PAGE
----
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Heaven on Earth?

MODERNISM AND THE SPIRIT OF THE CITY

Edited by lain Boyd Whyte. London: Routledge. 2004. [pounds sterling]24.99

Early Modernism was an atheistic movement that threw tradition out of the window, and with it all sentiment and spirituality. That is the common assumption. This book puts forward an alternative view: that, on the contrary, religion was always present, hidden behind Modernism's glassy facade, not thrown out but suppressed, like the Freudian subconscious. Some architects acknowledged it and allowed it to shine through, but historians were mostly blind to it, anxious as they were to emphasize the revolutionary aspects of Modernism rather than its traditional roots. But the idea of revolution was itself only a secular version of the old religious idea of redemption. Modernism was essentially Utopian, and what was Utopia if not a vision of Heaven on Earth?

It is a perfectly respectable thesis and potentially a fascinating field of inquiry, but it needs a more focused study than this collection of rather tired essays written, according to the blurb, by 'ten distinguished scholars'. The essays are of two main types: surveys and monographs. In the first category we have, for example, a discussion of the concept of genius loci with reference to Lethaby, Geddes and Bruno Taut, an examination of some ideological aspects of post Second World War town planning in Britain, and an analysis of privacy in housing from a spiritual point of view.

The monographs include studies of the Bismarck monument in Hamburg, the Gothic Wertheim department store in Berlin of 1904, and Le Corbusier's Purist paintings, interpreted almost as religious icons. These essays began life as papers read to two symposia, one that was at Yale and one at Edinburgh. This might account for their authors' apparent lack of commitment to the subject. All too obviously, most of them simply adapted their current research to fit the thesis. One has the impression of a room full of academics forced against their will to debate a topic that they are not really very interested in. The generally poor and occasionally atrocious quality of the writing doesn't help. A couple of these essays are fatally infected by the particular strain of logorrhoea that afflicts so much current architectural theory.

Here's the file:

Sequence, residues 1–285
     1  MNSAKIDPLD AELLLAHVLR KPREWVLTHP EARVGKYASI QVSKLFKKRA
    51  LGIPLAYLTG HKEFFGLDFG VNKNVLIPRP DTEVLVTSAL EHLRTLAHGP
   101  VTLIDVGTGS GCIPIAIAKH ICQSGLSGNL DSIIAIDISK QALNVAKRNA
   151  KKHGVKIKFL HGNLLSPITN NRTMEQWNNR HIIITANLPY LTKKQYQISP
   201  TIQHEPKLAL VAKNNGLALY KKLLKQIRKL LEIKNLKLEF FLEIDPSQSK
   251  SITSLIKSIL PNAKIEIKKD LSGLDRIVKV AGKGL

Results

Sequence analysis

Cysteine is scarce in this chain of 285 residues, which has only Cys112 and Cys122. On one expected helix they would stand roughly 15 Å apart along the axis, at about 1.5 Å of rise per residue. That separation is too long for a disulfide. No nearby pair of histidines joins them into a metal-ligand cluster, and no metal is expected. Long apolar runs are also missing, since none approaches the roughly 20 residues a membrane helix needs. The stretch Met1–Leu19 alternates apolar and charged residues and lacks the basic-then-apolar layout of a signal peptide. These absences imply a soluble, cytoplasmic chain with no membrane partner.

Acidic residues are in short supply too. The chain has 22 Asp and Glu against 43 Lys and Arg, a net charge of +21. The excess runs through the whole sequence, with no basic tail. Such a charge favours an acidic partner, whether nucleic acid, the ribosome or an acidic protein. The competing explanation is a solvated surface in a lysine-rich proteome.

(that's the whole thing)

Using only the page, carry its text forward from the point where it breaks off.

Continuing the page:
Perhaps Iain Boyd Whyte, who introduces the essays with a competent overview of the territory, might be persuaded to write a proper book on the subject.

Book reviews from this and recent issues of The Architectural Review can now be seen on our website at www.arplus.com and the books can be ordered online, many at special discount.
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Author:Davies, Colin
Publication:The Architectural Review
Article Type:Book Review
Date:Dec 1, 2004
Words:432
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